“Hey, Hekate. Can you do me a favor, and pull Marcia out of bed? She needs to learn to wake up at a decent hour. If I didn’t have to get to work, I’d do it myself.”
The black hair that matched Marcia’s fell, causing her to curse before pulling another hair thing from her wrist. Hekate chuckled. “Sure thing. You can count on me. Have a good day.”
When her hair was back into the bun she intended, she looked back up at Hekate and smiled. “Thanks, sweetie! Have fun!”
With that, she climbed back into her car before rushing off. Hekate walked into their house and made her way to Marcia’s room. Although they had only been friends for a few years, it was long enough for Hekate to learn the layout of Marcia’s house. Her room was in the back, instead of upstairs like her mother’s. She chose the bottom floor when they moved here ten years ago. Her mother said it was because it was the safest if there was a fire. Hekate still believed it was so she could sneak out easier in the middle of the night.
Hekate pushed her door open to find Marcia passed out on top of her bed. She was still wearing her clothes from the night before, not even bothering to take her shoes off. It was highly possible she had gotten home only a few hours ago. Because her mother was a nurse, her hours were always different, making it easier for Marcia to pull that kind of thing.
Looking around the room, she found an old alarm clock that probably hadn’t been touched in years. Marcia liked to collect odd things like this from antique stores, so finding it wasn’t out of place. As quietly as she could, she cranked the alarm so it would go off in one minute. She placed it on Marcia’s nightstand before taking a few steps back and waited.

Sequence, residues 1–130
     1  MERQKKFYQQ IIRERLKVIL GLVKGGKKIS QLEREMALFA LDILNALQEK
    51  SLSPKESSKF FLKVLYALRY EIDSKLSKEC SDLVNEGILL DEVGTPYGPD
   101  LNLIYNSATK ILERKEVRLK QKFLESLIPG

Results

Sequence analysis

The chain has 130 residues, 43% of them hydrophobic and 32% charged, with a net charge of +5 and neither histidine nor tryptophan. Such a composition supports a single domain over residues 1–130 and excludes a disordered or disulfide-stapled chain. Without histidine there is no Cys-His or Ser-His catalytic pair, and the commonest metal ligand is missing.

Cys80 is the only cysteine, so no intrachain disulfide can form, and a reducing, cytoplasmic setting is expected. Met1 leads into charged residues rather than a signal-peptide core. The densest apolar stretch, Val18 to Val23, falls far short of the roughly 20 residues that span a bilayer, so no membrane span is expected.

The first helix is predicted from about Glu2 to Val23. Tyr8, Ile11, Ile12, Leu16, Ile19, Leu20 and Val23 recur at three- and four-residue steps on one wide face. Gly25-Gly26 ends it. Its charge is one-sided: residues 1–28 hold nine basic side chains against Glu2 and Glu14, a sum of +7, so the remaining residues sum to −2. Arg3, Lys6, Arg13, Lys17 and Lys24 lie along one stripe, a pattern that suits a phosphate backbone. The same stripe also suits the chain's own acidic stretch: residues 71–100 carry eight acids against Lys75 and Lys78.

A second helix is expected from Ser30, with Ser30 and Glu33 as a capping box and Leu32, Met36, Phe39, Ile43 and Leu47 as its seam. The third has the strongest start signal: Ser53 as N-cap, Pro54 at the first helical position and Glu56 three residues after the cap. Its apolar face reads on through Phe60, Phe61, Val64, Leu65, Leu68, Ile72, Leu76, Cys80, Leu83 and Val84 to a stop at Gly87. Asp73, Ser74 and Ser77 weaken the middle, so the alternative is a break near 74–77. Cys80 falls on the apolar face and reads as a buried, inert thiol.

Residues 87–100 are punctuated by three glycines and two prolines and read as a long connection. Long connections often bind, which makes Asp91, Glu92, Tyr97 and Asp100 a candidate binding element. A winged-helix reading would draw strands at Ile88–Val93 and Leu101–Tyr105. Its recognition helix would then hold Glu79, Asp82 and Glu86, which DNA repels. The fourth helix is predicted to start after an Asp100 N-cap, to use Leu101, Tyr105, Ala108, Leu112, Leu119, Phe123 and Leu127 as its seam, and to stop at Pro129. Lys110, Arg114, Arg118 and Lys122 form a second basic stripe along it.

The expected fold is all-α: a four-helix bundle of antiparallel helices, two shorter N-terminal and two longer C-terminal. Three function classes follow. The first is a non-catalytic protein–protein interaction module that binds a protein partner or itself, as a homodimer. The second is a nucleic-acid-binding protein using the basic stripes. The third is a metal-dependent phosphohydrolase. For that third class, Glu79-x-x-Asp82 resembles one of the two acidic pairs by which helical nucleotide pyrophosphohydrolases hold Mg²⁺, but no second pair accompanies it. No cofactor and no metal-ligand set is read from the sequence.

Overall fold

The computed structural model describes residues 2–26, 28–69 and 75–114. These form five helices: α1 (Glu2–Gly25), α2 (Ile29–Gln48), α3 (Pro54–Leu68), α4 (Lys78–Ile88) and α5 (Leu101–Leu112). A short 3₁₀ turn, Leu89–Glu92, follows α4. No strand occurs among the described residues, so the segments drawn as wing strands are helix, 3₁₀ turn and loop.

This isn’t very kind.
Hekate shrugged, without saying a word. When the piercing sound went off, Marcia jerked so hard, the entire bed shook underneath of her. “What the hell?”
She reached over and picked up the alarm before tossing it across the room. Hekate began to laugh, causing Marcia to jerk violently around, searching for the voice. When she realized it was Hekate, she groaned. “That was mean. Bitch.”
Reaching for the still ringing alarm, Hekate switched it off. “Your mom told me to wake you up. She just didn’t say how.”
She glared at me before climbing out of bed. “It should be a sin against humanity to be out of bed before noon on a Saturday.”
Hekate jumped onto her bed and crossed her legs. “Did you want your car back, or not?”
Marcia merely grunted before disappearing into the bathroom.
That would be an odd sin to commit.
“She wasn’t being literal.”
Of that, I am certain. It was an errant thought.
Since she had to wait for Marcia to finish showering anyway, Hekate decided to take advantage of their solitude. “How do I make my wings appear? Or even use powers?”
They won’t appear without intention to use them. It’s all about your will and the power of your spirit. When you need them, they will appear. Your powers will be strongest on the nights of the full moon.
Hekate’s face squished together in confusion. “What? Why? How?” She could hear Moro chuckling to herself again, causing her to feel slightly irritated.
Moro could feel her annoyance. Calm down, I’m not laughing at you. It’s simple, my power stems from the light of the moon. I’m a spirit of that energy that chose to appear in the form of a wolf. I’ve had charges in the past who couldn’t contain the energy I accumulate during a full moon and ended up having their wings sprout randomly all night. Or they suddenly couldn’t control their powers.